The Kaiser Family Foundation is out with some new polling data on the Affordable Care Act which is, as Kevin Drum says, pretty fascinating. There’s been a decline in support for the law, coming almost entirely from self-identified Democrats. I liked that result since I personally have felt my ardor for the ACA wane over the past year. The encouraging news is that, as shown in the chart above, people seem reasonably comfortable with the “keep and expand” framing of what to do next.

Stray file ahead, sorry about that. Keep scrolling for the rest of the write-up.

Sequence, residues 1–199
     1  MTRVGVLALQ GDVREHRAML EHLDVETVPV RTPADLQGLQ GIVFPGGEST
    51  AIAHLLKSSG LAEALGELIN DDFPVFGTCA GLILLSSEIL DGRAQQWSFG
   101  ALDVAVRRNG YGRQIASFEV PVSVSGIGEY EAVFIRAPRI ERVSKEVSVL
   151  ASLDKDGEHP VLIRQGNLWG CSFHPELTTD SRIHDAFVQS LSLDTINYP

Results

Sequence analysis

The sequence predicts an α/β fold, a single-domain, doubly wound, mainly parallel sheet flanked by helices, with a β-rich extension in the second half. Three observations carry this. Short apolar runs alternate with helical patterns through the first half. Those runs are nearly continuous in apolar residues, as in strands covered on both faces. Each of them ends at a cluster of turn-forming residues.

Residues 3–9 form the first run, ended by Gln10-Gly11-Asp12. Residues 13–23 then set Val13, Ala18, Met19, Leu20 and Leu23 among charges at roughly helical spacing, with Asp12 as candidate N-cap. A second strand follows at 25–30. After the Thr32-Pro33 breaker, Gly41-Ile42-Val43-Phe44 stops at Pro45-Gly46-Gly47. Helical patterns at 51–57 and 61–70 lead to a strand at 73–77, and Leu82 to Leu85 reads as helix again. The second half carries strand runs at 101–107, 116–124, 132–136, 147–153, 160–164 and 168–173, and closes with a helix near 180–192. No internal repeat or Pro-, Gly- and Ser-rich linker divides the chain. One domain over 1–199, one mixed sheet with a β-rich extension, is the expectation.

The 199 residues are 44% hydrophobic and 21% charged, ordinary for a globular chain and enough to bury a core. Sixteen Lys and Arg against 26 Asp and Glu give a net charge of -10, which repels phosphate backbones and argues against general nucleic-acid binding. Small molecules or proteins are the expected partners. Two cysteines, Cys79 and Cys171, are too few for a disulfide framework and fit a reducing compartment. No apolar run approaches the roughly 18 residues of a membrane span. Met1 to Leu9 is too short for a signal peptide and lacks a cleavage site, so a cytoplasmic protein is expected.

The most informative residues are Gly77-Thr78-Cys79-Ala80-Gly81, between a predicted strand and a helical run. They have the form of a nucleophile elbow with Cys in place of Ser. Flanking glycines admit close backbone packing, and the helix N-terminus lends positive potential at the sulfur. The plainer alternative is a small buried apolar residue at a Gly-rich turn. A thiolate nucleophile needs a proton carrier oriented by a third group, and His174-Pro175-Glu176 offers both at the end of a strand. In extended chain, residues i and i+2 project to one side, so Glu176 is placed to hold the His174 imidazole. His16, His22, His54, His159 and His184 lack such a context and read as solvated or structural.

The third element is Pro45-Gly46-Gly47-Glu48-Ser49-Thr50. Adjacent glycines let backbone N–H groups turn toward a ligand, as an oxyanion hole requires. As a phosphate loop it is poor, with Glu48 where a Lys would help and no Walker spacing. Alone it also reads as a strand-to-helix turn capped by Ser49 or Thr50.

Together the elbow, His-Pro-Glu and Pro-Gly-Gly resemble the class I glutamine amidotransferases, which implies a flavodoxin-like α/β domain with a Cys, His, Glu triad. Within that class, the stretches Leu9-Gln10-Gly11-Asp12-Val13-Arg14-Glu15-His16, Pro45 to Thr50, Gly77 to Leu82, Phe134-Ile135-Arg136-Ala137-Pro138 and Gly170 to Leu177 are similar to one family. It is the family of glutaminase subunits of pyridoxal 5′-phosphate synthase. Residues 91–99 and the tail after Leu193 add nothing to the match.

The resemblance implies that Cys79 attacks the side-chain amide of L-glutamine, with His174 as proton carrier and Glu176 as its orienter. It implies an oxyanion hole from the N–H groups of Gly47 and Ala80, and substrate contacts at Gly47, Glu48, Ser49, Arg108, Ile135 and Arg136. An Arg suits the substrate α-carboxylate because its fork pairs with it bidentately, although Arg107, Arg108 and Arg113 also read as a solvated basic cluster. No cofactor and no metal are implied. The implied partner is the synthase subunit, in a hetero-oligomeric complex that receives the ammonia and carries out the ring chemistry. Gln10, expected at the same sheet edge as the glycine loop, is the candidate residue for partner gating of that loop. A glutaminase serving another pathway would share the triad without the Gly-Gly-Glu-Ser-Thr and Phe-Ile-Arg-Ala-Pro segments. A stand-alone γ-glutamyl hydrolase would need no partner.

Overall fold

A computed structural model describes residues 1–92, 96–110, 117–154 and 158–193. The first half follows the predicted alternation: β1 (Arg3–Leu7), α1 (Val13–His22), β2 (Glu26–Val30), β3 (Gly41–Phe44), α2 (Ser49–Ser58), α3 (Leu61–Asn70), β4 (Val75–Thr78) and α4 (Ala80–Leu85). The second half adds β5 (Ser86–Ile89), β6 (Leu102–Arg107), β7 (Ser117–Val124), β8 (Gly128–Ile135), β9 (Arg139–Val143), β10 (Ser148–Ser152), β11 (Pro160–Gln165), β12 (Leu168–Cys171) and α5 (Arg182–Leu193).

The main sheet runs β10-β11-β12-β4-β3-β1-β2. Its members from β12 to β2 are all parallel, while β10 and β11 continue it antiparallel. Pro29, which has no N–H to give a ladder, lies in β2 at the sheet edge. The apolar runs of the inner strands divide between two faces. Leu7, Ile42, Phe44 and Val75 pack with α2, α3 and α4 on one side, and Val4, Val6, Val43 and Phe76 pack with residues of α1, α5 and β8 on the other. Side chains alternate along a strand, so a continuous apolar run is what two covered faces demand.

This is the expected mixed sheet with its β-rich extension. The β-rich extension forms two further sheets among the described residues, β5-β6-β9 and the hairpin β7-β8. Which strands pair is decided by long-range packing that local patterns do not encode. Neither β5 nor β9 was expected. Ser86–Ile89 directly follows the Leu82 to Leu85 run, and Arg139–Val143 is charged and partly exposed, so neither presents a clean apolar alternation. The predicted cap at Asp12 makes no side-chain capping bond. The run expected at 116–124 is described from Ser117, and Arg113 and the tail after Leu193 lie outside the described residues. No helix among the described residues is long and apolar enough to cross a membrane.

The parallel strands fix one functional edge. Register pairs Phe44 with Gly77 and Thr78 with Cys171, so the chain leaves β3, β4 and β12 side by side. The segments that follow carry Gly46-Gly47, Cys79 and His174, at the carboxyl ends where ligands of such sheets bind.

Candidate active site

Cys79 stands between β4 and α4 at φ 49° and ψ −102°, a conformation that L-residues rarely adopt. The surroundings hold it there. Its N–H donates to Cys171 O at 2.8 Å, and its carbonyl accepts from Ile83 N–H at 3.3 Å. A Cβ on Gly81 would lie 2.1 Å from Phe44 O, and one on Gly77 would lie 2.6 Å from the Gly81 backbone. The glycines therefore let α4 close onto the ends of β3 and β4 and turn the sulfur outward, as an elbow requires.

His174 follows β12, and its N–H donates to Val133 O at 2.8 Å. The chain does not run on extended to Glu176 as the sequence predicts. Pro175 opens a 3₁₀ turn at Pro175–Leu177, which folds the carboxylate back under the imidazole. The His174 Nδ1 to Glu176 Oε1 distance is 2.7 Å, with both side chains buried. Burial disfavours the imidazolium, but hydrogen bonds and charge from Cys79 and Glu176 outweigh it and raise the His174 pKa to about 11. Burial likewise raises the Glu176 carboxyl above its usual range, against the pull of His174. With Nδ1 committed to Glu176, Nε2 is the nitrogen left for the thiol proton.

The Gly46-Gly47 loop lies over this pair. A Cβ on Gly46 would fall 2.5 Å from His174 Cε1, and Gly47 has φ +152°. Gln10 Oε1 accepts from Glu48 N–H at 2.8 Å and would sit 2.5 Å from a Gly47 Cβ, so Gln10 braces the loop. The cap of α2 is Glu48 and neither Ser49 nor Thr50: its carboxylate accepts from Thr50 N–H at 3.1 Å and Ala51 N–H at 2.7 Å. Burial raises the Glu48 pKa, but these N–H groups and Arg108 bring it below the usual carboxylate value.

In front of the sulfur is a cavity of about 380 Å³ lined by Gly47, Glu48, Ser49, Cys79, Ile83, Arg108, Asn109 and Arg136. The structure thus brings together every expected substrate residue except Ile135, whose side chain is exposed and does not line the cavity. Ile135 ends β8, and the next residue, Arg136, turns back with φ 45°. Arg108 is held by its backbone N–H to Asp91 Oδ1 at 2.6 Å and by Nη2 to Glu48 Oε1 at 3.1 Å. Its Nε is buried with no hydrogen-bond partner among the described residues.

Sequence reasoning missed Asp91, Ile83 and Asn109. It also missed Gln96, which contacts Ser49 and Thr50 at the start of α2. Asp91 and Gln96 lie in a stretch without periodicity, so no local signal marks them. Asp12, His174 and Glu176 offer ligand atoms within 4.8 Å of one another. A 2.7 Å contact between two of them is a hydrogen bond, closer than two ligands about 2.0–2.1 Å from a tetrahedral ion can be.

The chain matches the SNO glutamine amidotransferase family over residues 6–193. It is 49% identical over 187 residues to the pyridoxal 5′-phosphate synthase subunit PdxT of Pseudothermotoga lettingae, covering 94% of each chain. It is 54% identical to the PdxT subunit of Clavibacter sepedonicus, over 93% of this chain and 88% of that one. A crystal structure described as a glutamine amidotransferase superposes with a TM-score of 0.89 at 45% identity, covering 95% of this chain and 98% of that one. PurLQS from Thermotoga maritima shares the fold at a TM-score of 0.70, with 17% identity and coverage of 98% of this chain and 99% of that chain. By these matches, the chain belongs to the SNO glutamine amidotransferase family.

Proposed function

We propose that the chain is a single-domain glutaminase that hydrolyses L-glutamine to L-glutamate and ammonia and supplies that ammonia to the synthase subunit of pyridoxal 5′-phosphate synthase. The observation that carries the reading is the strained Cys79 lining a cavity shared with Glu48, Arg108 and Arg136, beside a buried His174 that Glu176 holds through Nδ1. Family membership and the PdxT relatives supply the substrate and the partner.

Who knows what exactly people have in mind when they say “expand” but broadly speaking that’s correct. And it’s interesting that for all the polarization of opinion and over-the-top rhetoric around the law, on some level I think most of the serious critics can agree that the biggest issues with the ACA are the extent to which it doesn’t go far enough. The law, if implemented, will expand access to the current dysfunctional health care system and then tinker around the edges with it in dozens and dozens of ways. But while access is going to be very important to the people who current lack it, the basic fact is that the health care system is dysfunctional in ways that call for remedies that go beyond tinkering. Members of congress really really really really don’t want to delve back into the weeds of health care reform, but when you look at the central role health care plays both in the federal budget and the national economy as a whole it’s clear that they’ll have to.